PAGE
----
A dental device called the Anterior Growth Guidance Appliance, commonly referred to as the AGGA, is now the subject of multiple lawsuits across the country. The device was originally invented by a US dentist in the 1990s. However, according to reports, the AGGA was never submitted to the FDA for approval. The inventor has stated that the device was not subject to FDA review because it posed very little risk to the user, akin to the same risks as a standard dental retainer. Recent lawsuits however have claimed that the device has severely damaged patients’ teeth and jaws, sometimes to permanent effect. Because the FDA was not aware of it, complaints were largely unchecked for years.
What is it?
The AGGA was designed to help patients who suffered from breathing problems, TMJ, crossbites and other issues related to a small or poorly aligned jaw. The AGGA claimed to help the jaw grow or expand. This is done by using a light wire frame attached to the teeth, accompanied by a small disc that places light pressure on the nasopalatine nerve. That in turn is supposed to encourage jaw growth or “remodeling” — thus improving or resolving the patient’s condition. The AGGA costs approximately $7000 and is to be worn for several months.
Several experts have reported however that the AGGA merely pushes a patient’s teeth out, while the jaw remains in place. One maxillofacial surgeon called the mechanism “medieval” – comparing the process to expanding your house by pushing on the frame. Allegedly, for some patients the result has been lasting damage, including loss of teeth, damage to the underlying bone, and related pain and suffering. Patients have claimed to have had to have teeth removed, surgical reconstruction, and other medical care. At least one patient, a professional clarinetist, lost her livelihood because her front teeth had to be removed, and the damage was too significant for proper denture fitting. As a result, she is permanently unable to play or teach the clarinet at a professional level.
How did this happen?
In many cases patients relied on their practitioner’s advice or in some cases, their own research on sources such as Facebook (the AGGA was promoted heavily by the inventor on social media). Many of the dentists using the device learned how to use the AGGA at the Las Vegas Institute (LVI), a training facility, which is now also subject to several lawsuits. (The current lawsuits also name the inventor, his company which makes the devices, and LVI.) The AGGA flew under the radar of the FDA because it was not submitted for their approval, as the inventor didn’t believe it was subject to their jurisdiction. Additionally, not only was the AGGA never reviewed by the FDA, it also was never subject to any peer review. The inventor-dentist said his own experience with the device, which he says he has used on more than 600 patients was his proof that it worked. He recently was required to submit patient scans that supported this claim. Medical experts who reviewed the scan have pointed out that the inventor’s own evidence further documents the inefficacy – and lasting damage – of the device.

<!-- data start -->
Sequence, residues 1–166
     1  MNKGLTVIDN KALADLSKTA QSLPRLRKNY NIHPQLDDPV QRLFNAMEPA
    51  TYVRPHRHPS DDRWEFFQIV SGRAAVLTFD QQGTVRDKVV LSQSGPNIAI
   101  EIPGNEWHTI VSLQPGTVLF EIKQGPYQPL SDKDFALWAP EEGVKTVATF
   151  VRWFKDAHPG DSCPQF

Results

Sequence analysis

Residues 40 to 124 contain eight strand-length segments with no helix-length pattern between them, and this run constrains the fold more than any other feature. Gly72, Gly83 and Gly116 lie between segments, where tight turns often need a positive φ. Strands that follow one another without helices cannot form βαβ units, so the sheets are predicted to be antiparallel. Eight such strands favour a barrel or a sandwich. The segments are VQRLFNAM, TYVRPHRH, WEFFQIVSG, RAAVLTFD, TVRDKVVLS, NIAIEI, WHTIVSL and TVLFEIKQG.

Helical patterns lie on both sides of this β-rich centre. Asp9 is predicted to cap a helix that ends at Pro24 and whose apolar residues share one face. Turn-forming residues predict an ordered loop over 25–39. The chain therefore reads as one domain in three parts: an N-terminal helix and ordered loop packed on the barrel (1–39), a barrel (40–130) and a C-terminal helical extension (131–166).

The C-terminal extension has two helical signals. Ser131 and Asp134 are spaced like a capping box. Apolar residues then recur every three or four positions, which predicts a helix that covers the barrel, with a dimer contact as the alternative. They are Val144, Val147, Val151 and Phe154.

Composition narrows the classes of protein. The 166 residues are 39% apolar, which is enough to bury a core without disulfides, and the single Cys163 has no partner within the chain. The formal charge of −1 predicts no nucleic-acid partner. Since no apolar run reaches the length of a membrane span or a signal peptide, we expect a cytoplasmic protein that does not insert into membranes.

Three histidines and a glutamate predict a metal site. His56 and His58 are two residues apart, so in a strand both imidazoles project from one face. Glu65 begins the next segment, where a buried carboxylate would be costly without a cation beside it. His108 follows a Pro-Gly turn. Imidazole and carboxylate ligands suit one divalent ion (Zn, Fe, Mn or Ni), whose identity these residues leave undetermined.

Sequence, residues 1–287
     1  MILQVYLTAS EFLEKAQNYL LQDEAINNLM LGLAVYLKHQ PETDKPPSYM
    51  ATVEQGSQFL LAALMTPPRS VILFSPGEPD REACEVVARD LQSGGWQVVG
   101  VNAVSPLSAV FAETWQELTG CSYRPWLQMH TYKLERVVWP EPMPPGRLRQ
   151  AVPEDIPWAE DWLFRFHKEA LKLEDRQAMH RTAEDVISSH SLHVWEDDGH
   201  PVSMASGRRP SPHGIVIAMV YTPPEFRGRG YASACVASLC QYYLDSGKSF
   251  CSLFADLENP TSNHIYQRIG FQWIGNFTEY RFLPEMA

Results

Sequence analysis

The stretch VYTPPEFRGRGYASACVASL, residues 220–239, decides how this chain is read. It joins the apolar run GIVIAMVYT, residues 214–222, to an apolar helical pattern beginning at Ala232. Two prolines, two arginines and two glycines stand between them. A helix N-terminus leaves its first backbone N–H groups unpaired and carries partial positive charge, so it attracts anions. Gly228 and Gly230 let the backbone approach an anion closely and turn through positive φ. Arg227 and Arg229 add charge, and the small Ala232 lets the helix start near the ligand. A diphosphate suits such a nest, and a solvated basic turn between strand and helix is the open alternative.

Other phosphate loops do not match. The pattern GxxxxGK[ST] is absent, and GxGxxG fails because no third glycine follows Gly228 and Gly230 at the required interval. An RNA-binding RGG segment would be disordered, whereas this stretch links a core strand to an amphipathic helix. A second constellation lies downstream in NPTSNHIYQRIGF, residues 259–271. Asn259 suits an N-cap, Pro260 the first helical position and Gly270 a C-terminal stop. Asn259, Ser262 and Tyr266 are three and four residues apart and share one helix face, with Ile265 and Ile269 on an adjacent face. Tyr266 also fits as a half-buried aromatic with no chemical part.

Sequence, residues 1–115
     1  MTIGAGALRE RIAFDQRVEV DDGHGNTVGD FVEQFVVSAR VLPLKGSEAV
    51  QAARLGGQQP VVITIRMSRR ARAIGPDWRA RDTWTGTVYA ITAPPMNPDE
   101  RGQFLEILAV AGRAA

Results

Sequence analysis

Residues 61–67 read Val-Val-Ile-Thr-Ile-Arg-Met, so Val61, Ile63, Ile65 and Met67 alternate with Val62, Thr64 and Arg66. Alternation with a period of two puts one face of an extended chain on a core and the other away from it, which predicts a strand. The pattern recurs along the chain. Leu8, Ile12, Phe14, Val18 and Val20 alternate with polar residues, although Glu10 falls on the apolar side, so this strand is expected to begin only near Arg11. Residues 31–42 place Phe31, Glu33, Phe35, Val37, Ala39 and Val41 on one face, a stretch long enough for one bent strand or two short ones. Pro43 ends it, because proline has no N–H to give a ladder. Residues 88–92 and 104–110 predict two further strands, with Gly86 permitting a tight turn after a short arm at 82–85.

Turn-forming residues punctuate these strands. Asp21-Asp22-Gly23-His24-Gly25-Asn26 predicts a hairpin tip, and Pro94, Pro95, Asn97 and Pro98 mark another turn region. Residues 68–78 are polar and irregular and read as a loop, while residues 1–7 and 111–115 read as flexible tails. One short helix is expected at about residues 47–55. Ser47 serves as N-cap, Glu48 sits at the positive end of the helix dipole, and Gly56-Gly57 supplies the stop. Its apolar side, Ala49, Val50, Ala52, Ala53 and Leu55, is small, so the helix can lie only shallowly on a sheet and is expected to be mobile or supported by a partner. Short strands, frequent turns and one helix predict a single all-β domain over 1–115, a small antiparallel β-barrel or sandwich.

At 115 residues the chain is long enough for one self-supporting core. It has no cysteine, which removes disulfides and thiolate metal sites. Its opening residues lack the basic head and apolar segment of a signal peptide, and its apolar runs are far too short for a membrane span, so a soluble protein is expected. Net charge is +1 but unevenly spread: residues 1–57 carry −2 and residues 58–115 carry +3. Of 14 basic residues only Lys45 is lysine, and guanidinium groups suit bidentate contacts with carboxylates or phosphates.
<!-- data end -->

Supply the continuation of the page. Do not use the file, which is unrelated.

Caution: New name, same problems.
Dentists should be aware that the AGGA was recently renamed the Osseo-Restoration Appliance (ORA). It is the same device – this is simply a new name and potentially carries all the same risk and unproven claims as before. In addition, another device called the Anterior Remodeling Appliance, or ARA, while manufactured by another company, is being scrutinized because the construction is very similar to the AGGA/ORA. Dentists should be cautioned about using either of these devices and do their due diligence, even though they remain available and continue to make claims about their ability to stimulate jaw growth and/or expand the jaw.
FDA Response Unclear, Yet
At this time, it is unclear what action the FDA may take, which could include limiting or banning the availability of these devices. Separately, the legal actions against the inventor, the manufacturer, and the training facility are ongoing, and therefore it is unclear what will be the legal liability of each of those parties. In addition, more and more dentists who previously used the AGGA have removed the information from their websites, and some practices have even explicitly explained why they have concerns about its efficacy, even if they don’t directly denounce it.